IAA, GADA and IA-2A were measured in two laboratories by radiobinding assays [6, 7]. In the USA, all sera were assayed at the Barbara Davis Center for Childhood Diabetes at the University of Colorado, Denver; in Europe, all sera were assayed at the University of Bristol, UK. Both laboratories show high sensitivity and specificity as well as concordance [9]. All positive islet autoantibodies and 5% of negative samples were re-tested in the other reference laboratory and deemed confirmed if concordant. Persistent islet autoimmunity (IA) was defined as confirmed positive autoantibodies to insulin, GAD65 or IA-2 in at least two consecutive samples.

Maternal autoantibodies

As children can be born with circulating maternal islet cell autoantibodies [10, 11] it was necessary to exclude positive results that were due to maternal IgG transmission when defining the child’s autoantibody status. To distinguish between maternal autoantibodies and autoantibodies in the child, the status of the mother was measured when the child was aged 6 or 9 months. The child’s autoantibody status was measured at 3 months of age and then every 3 months until 4 years of age. The child’s autoantibody status was determined based on both maternal and child autoantibodies over the first 18 months of the study. If a maternal antibody was present, the child was not considered positive for that autoantibody unless either the child had a negative sample prior to their first positive sample or the autoantibody persisted beyond 18 months of age. If the mother was negative for autoantibodies, then all positive results were associated with the child. While important to distinguish true child autoantibodies from maternal autoantibodies, a limitation of this approach is that the child’s positivity during the first 18 months of life could be masked by maternal autoantibodies.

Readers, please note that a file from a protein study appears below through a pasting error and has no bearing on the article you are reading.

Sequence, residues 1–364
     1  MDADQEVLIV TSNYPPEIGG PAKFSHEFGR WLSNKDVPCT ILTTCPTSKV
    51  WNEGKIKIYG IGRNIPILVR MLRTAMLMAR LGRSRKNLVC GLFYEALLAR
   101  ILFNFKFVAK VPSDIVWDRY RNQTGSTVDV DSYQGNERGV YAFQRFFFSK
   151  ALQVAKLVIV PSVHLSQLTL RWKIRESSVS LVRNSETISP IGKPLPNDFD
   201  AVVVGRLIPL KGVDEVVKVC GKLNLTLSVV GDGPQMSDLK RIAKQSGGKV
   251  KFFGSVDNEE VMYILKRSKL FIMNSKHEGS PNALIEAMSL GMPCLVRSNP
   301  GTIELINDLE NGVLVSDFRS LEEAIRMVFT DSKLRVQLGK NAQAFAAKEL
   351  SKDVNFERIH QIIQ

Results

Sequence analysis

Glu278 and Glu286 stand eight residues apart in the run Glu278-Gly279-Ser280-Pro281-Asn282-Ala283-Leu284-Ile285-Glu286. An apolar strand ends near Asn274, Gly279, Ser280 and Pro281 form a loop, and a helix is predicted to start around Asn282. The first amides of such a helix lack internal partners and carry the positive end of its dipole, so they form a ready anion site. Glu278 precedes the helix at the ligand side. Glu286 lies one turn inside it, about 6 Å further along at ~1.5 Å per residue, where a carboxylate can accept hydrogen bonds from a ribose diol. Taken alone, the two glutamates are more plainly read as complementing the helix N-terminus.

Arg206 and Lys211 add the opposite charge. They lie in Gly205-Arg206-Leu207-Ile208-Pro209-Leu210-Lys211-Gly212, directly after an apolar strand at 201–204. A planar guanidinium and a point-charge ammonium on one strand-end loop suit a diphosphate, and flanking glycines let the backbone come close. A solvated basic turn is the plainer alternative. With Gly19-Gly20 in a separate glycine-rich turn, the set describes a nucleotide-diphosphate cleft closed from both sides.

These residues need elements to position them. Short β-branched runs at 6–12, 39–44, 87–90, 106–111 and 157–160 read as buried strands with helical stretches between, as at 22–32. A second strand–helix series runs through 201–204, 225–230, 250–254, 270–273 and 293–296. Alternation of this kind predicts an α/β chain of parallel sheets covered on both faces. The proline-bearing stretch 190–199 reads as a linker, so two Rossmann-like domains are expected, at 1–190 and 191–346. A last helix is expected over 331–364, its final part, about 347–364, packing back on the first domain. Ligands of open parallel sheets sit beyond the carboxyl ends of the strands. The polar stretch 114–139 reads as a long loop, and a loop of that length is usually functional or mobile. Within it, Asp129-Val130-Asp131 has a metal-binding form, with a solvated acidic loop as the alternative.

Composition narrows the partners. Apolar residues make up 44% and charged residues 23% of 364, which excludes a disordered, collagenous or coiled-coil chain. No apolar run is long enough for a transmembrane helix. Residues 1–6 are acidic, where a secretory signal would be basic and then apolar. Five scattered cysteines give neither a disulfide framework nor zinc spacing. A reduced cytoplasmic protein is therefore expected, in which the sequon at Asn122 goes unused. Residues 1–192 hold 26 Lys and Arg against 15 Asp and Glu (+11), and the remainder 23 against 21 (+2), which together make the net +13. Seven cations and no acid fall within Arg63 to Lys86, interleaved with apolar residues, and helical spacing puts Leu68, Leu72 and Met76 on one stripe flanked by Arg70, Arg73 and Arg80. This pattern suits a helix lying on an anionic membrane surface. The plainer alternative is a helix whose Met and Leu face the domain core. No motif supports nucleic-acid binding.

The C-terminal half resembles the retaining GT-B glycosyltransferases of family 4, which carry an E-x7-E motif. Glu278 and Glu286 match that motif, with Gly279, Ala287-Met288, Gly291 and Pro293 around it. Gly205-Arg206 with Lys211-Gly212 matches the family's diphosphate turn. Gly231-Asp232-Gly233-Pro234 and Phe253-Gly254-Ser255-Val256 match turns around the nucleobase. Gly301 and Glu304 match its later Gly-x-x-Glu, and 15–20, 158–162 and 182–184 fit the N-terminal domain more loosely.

Statistical methods

Among the children who developed persistent confirmed islet autoantibodies, time to seroconversion was described as a median and interquartile range (IQR). Comparisons between groups of children who had different types of islet autoantibodies at seroconversion were performed using Mann–Whitney tests. Because of the different lengths of follow-up time in the study, the incidence of these diabetes-related autoantibodies was described as a rate per 1,000 person-years. Exact 95% CIs in incidence rates were calculated using the χ 2 relationship to the Poisson distribution [12]. Of interest was a comparison in the risks of different types of islet autoantibody seroconversion (i.e. GADA only at seroconversion, IAA only at seroconversion). Separate proportional hazards (PH) models first examined factors related to the different types of islet autoantibody seroconversion (i.e. model 1 examined factors related to IAA only seroconversion, model 2 examined factors related to GADA only seroconversion, etc.). The magnitudes of the associations were described by HRs with 95% CIs. Also, multiple logistic regression models compared the children with different types of islet autoantibody seroconversion directly to test for factors that distinguished between the different islet autoantibody seroconversion groups. The ORs describe the odds of a single autoantibody seroconversion being GADA only compared with IAA only.

Differences in islet autoantibody risk between a first-degree relative (FDR) of an individual with type 1 diabetes as compared with children recruited from the general population (GP), HLA groups and countries were described first. As mentioned above, HLA-DR genotypes were generally used as abbreviations for the full HLA-DR-DQ genotypes used in the study. Age was included in the multivariate logistic regression when comparing the different types of autoantibody seroconversion groups.